Articles | Volume 17, issue 3
Research article
09 Feb 2017
Research article |  | 09 Feb 2017

The CAMS interim Reanalysis of Carbon Monoxide, Ozone and Aerosol for 2003–2015

Johannes Flemming, Angela Benedetti, Antje Inness, Richard J. Engelen, Luke Jones, Vincent Huijnen, Samuel Remy, Mark Parrington, Martin Suttie, Alessio Bozzo, Vincent-Henri Peuch, Dimitris Akritidis, and Eleni Katragkou

Abstract. A new global reanalysis data set of atmospheric composition (AC) for the period 2003–2015 has been produced by the Copernicus Atmosphere Monitoring Service (CAMS). Satellite observations of total column (TC) carbon monoxide (CO) and aerosol optical depth (AOD), as well as several TC and profile observations of ozone, have been assimilated with the Integrated Forecasting System for Composition (C-IFS) of the European Centre for Medium-Range Weather Forecasting. Compared to the previous Monitoring Atmospheric Composition and Climate (MACC) reanalysis (MACCRA), the new CAMS interim reanalysis (CAMSiRA) is of a coarser horizontal resolution of about 110 km, compared to 80 km, but covers a longer period with the intent to be continued to present day. This paper compares CAMSiRA with MACCRA and a control run experiment (CR) without assimilation of AC retrievals. CAMSiRA has smaller biases than the CR with respect to independent observations of CO, AOD and stratospheric ozone. However, ozone at the surface could not be improved by the assimilation because of the strong impact of surface processes such as dry deposition and titration with nitrogen monoxide (NO), which were both unchanged by the assimilation. The assimilation of AOD led to a global reduction of sea salt and desert dust as well as an exaggerated increase in sulfate. Compared to MACCRA, CAMSiRA had smaller biases for AOD, surface CO and TC ozone as well as for upper stratospheric and tropospheric ozone. Finally, the temporal consistency of CAMSiRA was better than the one of MACCRA. This was achieved by using a revised emission data set as well as by applying careful selection and bias correction to the assimilated retrievals. CAMSiRA is therefore better suited than MACCRA for the study of interannual variability, as demonstrated for trends in surface CO.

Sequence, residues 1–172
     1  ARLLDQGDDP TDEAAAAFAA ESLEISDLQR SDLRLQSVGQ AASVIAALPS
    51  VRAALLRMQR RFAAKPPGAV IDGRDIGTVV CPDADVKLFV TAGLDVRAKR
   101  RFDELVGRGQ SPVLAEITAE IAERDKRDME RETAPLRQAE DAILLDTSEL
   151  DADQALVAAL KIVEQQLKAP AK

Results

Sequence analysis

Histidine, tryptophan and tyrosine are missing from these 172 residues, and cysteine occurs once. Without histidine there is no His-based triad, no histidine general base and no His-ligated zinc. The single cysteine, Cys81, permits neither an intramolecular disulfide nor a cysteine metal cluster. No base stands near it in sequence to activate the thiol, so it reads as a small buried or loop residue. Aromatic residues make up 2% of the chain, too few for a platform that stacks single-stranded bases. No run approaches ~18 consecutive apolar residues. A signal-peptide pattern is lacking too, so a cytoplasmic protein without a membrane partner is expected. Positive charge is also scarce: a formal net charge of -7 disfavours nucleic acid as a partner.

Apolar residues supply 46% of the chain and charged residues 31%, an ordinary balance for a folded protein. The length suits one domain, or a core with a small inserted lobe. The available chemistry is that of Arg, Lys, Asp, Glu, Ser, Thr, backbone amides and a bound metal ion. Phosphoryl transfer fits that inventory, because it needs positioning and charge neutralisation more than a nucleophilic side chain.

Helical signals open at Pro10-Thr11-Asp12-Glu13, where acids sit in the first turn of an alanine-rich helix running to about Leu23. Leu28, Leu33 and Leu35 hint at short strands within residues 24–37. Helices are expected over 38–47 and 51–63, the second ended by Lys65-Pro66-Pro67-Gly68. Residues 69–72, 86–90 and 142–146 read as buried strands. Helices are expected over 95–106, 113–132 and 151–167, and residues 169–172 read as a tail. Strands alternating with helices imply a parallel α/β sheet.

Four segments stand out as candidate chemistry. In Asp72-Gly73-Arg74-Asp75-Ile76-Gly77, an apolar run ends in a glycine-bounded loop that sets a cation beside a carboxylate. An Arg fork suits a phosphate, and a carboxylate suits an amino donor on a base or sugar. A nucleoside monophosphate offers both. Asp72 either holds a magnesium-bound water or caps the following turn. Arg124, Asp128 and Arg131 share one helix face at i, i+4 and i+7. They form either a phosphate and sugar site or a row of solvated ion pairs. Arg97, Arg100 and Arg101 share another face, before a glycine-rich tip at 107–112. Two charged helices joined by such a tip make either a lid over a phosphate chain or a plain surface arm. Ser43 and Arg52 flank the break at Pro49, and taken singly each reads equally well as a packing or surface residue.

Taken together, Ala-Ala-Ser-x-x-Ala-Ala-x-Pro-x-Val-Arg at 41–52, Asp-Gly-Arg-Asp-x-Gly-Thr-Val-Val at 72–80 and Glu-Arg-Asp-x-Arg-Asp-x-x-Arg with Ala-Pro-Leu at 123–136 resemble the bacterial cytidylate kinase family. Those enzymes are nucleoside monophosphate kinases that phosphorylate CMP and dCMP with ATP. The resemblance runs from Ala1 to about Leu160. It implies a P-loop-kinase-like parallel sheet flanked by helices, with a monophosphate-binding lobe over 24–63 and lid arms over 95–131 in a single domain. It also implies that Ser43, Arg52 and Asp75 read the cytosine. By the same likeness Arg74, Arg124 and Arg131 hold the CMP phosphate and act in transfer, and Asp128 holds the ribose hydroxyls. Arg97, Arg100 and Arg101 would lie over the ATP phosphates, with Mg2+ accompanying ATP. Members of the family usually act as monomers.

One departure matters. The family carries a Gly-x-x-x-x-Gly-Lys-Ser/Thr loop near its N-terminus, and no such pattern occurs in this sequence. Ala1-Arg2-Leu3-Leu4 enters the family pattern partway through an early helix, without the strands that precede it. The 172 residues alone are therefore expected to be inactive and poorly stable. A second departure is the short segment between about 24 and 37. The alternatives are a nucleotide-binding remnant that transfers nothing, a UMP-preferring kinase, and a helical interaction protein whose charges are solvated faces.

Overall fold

Short summary
We combine satellite observations of carbon monoxide, ozone and aerosols with the results from a model using a technique called data assimilation. The generated global data set (CAMS interim reanalysis) covers the period 2003–2015 at a resolution of about 110 km. The CAMS interim reanalysis can be used to study global air pollution and climate forcing of aerosol and stratospheric ozone. It has been produced by the Copernicus Atmosphere Monitoring Service (http://atmosphere.
Final-revised paper